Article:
2. Detach the quadriceps muscle from the femur with a sharp scalpel, remove both the anterior peroneus and the gastrocnemius muscle groups and disarticulate the leg at the hip joint by locating and dissecting the ligaments.
    3. Start anteriorly and proceed around the joint by carefully rotating the leg and transecting the ligaments, thereby disarticulating the joint.
  3. Wash femur and tibia with 96% ethanol for a minimum of 90 sec to guarantee aseptic cell preparation. Continue the washing process with sterile PBS to rinse off remaining ethanol.
    Note: All subsequent steps must be sterile to avoid contamination.

1.2 Harvesting of Bone Marrow

  1. Cut the proximal and distal end of each bone with a pair of fine scissors to gain access to the femoral and tibial shafts. Be careful with this step, since these bones break very easily.
  2. Flush the bones with warm medium (M199 + 10% fetal calf serum (FCS), + 1% Penicillin/Streptomycin). Use a sterile 28-G needle, a 1 ml syringe, and between 10-15 ml medium per bone for rinsing.
  3. Hold the bone with a fine forceps and rinse one by one until it turns semi-translucent. Carefully apply pressure to the end of the syringe plunger in order to minimize cell stress.
  4. Filter the bone marrow through a 70 µm nylon web and gather the filtrate. To extract the maximum quantity of bone marrow, rinse repeatedly from the distal and proximal ends.
  5. Rinse the sieve with PBS and gather the filtrate. Carefully dislodge debris and cellular conglomerates by gentle stirring and pipetting.

1.3 Cultivation

  1. Centrifuge the cell suspension at 250 x g for 10 min at RT. Discard the supernatant and resuspend the cells with approximately 25 ml of medium. Repeat once.
  2. Resuspend the cells in 6 ml of medium after the second washing step. Mix 50 µl of the cell solution with 50 µl of trypan blue. Count the cells in a counting chamber under a light microscope. Calculate the number of cells in the solution using this formula:
    Equation 1
  3. Seed the cells on 6-well ultra-low-attachment surface plates to prevent permanent adhesion to the bottom of the plate. Use a concentration of 106 cells per ml with up to 6 ml per well.
  4. Supplement the suspension with 20 ng/ml M-CSF to promote cell differentiation.
  5. Culture the cells for 5 days at 37 °C and 5% carbon dioxide and observe daily.

1.4 Harvesting of Cells

Note: These steps should be performed on ice. Proceed with either 1.4.1 or 1.4.2 accordingly.

  1. At this point, harvest the entire culture, including differentiated macrophages that will adhere to the culture-plates, even if they are ultra-low-attachment surface plates.
    1. Harvest the entire culture by gentle pipetting and detaching with a solution of 4 °C PBS, 0.5% bovine serum albumin (BSA) and 2 mM EDTA. Repeat until the plates are clear of remaining adherent cells - confirm under a microscope if unsure.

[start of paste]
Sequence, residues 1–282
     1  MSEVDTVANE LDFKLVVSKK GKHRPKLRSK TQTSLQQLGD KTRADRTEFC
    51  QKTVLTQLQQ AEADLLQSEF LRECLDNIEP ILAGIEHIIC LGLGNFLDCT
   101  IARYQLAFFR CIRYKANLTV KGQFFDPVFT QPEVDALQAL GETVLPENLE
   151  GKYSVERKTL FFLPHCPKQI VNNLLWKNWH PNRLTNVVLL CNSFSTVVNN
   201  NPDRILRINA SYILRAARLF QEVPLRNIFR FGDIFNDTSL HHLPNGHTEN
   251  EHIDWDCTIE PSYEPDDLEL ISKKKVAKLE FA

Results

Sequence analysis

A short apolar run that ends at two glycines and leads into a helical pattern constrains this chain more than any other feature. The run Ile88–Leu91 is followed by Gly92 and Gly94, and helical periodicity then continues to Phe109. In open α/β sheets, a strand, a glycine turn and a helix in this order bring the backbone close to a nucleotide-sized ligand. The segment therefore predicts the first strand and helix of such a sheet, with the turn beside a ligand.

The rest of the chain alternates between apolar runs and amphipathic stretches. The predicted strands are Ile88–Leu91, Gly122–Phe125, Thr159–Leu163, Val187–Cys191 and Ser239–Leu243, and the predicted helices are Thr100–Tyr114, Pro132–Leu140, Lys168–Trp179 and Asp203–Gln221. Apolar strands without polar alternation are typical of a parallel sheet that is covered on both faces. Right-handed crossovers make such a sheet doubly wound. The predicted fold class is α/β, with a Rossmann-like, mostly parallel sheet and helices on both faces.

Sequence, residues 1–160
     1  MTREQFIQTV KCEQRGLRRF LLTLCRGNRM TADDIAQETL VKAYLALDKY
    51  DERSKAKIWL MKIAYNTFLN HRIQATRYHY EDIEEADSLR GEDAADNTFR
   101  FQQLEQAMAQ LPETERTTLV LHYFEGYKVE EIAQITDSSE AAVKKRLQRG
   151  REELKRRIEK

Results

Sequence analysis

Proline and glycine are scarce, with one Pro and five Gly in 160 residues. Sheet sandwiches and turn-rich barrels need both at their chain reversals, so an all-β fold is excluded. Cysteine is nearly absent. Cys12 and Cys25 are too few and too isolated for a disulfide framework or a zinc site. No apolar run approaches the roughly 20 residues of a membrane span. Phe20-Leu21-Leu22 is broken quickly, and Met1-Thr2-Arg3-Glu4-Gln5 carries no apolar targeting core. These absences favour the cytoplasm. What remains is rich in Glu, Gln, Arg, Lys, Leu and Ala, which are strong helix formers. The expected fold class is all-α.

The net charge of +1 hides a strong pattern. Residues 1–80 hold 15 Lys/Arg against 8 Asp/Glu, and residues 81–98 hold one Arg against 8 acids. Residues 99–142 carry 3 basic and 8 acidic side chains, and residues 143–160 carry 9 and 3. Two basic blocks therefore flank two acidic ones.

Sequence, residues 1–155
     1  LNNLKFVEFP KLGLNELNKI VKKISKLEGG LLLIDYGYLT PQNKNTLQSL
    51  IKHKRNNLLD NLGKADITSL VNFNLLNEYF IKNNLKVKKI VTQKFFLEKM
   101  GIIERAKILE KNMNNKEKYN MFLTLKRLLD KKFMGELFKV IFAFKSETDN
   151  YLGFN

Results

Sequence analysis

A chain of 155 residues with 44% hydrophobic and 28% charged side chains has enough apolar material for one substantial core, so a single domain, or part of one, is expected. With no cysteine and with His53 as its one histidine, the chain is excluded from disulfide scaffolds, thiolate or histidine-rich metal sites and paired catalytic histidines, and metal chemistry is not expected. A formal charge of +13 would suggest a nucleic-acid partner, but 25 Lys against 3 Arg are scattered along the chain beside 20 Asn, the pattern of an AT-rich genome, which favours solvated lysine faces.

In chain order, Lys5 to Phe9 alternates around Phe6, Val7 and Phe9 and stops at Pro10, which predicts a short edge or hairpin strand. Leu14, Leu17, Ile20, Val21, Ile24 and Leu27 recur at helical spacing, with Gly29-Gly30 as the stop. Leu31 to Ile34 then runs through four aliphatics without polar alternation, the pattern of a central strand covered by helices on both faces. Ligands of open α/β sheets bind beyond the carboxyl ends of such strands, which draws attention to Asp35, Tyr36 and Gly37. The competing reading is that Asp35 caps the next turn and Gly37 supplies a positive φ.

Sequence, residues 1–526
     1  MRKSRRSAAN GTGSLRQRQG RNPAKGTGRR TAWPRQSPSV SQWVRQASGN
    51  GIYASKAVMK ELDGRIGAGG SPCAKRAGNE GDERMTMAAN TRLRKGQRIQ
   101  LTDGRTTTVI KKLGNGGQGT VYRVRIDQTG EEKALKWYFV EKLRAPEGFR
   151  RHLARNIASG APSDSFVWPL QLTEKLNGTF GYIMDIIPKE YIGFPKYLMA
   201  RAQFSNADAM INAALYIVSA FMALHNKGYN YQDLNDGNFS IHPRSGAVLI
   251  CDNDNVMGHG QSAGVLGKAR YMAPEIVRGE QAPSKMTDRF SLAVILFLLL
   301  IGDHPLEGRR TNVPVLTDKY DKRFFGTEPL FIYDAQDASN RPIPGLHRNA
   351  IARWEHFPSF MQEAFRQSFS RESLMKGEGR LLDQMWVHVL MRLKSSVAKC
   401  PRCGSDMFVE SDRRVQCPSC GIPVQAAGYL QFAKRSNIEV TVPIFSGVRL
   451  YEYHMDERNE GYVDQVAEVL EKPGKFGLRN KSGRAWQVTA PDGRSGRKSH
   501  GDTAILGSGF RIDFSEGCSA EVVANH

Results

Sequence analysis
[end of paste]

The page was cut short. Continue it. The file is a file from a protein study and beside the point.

2. Alternatively, discard adherent macrophages by harvesting the supernatant with the cells in suspension, which predominantly contain monocytes.
    1. Harvest the non-adherent cells with a solution of EDTA-free PBS and 0.5% BSA. Do not apply too much force in order to avoid dislodging mildly adherent macrophages.

1.5 FACS-Analysis (Optional)

Note: It is possible to deplete the cell suspension of CD117+ stem- and progenitor cells by the use of MACS. Use manufacturer protocols for this procedure.

  1. Harvest the cells according to either steps 1.4.1 or 1.4.2.
  2. Centrifuge the cells at 250 x g for 10 min at 4 °C and repeat this step again.
  3. Resuspend at least 250,000 cells in 300 µl of FACS buffer per probe.
  4. Transfer cell solution onto a 96-well-plate (30 µl per well).
  5. Centrifuge the cell suspension at 250 x g for 5 min at 4 °C.
  6. Remove the supernatant and add 25 µl of antibody to each well (use manufacturer dilution).
  7. Stain the cells with antibodies (following manufacturer protocols for cell phenotyping after steps 1.5.1-1.5.6. Commonly used markers for monocyte / macrophage identification include CD11b, F4/80 (Figure 3), CD115 (Figure 2), and Gr-1.
    Note: For a further description of cell solutions, the use of markers like CD4, CD8a, CD11c, CD25, CD45, CD45R, CD62L, CD80, CD86, CD145, CD117, MHCⅡ, Ly6C, Ly6G, and CD192 is recommended. Cellular characteristics were previously described12.
  8. Incubate the probes for 20 min at 4 °C.
  9. Centrifuge the probes at 250 x g for 5 min at 4 °C and resuspend with 200 µl of FACS buffer. Repeat this step twice.
  10. Transfer the probes into FACS tubes and perform the FACS analysis12.
  11. Perform FACS analysis12 on day 0, 3 and 5 to analyze cell differentiation.

2. Tail Vein Injection

2.1 Preparation

  1. Warm the animals on a heating plate at 37 °C for about 10 min. Observe the animals while warming to recognize signs of overheating.
  2. Resuspend the monocytes, isolated in steps 1.1- 1.4, in 150 µl of NaCl, and load the cells into a 1 ml insulin syringe with a 30G needle. Lightly vortex the solution before loading the syringe to ensure all monocytes are injected. Always handle cells on ice to avoid heat-mediated attachment and activation of monocytes.